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Long Island forecast: Snow possible on first day of spring

It has happened before. In this case there

It has happened before. In this case there was snow about five days before the start of spring in 2004. The snow-covered crocuses were off Northfield Road in Glen Cove on March 16, 2004. Snow on spring flowers this year? Maybe! Credit: Newsday / Michael E. Ach

It may be the first day of astronomical spring, but there’s “potential for significant accumulating snow” in the area for Sunday and the overnight hours, according to the National Weather Service.

Indeed, “a coastal low could bring at least 6 inches of snow to the tri-state,” with Long Island possibly seeing a rain-snow mix just as the storm gets started, the National Weather Service said in a hazardous outlook issued late Thursday afternoon.

As the week’s mild temperatures take a dip Saturday to highs around the low 40s and lows of around 30, the storm is expected to arrive Sunday, which is looking at similar temperatures, forecasters say.

“As forecast models signal the development of a coastal low, forecast confidence is increasing that our local area will be impacted by potentially heavy snow and strong winds Sunday into early Monday,” said Gary Conte, weather service meteorologist.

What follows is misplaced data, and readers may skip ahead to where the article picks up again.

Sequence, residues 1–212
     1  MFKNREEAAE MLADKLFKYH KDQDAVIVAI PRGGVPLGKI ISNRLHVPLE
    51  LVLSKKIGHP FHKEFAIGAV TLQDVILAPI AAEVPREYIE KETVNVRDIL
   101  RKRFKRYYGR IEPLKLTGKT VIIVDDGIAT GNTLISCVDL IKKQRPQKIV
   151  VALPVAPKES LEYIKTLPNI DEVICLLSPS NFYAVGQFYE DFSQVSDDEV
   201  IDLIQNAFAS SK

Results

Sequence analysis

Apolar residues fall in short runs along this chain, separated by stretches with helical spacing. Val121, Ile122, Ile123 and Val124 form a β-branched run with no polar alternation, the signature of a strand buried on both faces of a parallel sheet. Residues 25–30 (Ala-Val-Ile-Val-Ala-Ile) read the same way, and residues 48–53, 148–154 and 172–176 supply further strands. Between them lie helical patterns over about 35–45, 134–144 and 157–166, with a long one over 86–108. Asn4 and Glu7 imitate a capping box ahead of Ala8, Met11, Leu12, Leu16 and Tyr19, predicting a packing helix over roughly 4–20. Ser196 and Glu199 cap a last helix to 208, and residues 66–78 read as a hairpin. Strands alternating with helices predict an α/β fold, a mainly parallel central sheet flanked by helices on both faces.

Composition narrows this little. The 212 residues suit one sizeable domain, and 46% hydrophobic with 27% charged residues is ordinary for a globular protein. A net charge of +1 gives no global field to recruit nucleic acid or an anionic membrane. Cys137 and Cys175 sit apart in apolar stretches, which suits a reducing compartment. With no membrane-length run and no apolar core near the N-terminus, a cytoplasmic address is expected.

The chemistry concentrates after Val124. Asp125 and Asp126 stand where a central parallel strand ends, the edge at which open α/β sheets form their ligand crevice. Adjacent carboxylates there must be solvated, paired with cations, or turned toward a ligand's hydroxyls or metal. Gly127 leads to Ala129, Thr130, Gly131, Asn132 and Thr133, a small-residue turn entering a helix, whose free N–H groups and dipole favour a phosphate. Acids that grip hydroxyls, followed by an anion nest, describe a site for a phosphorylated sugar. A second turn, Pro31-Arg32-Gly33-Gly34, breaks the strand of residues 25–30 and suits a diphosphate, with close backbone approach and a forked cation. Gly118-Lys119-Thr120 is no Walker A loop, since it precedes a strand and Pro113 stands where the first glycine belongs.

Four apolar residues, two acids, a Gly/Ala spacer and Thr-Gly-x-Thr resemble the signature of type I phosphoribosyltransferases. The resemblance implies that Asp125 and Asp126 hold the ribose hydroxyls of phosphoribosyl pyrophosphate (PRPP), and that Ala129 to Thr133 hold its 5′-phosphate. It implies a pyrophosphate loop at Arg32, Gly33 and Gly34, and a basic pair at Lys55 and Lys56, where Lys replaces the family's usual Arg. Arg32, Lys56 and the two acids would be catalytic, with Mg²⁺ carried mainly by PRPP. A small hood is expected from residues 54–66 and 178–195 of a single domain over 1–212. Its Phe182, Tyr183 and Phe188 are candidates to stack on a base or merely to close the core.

“There are still many questions about this storm that we cannot answer yet, but there will be a low moving up the coast,” said Bill Korbel, News 12 Long Island meteorologist.

As of Thursday evening, the National Weather Service’s Upton office was forecasting a 30 percent chance of precipitation — a possible snow and wintry mix — for Sunday, rising overnight to a 60 percent chance for precipitation with rain and snow likely, then all snow.

Of course, at this point there are still uncertainties, the weather service said in a Facebook post.

What’s known: A coastal low will be developing, and there’s “potential for significant accumulating snow” for the area Sunday into Monday, according to the weather service.

Still on the iffy side: timing and track, with a faster moving system that passes farther from the coast meaning less snow, and the opposite for one that’s slower moving and tracking closer in. Jay Engle, a service meteorologist, said they would know more when the next set of data came in on Friday.

Though Sunday is, indeed, the start of spring, weather service meteorologist Carlie Buccola reminds in a tweet that “Mother Nature does what she wants.”

— With Laura Blasey

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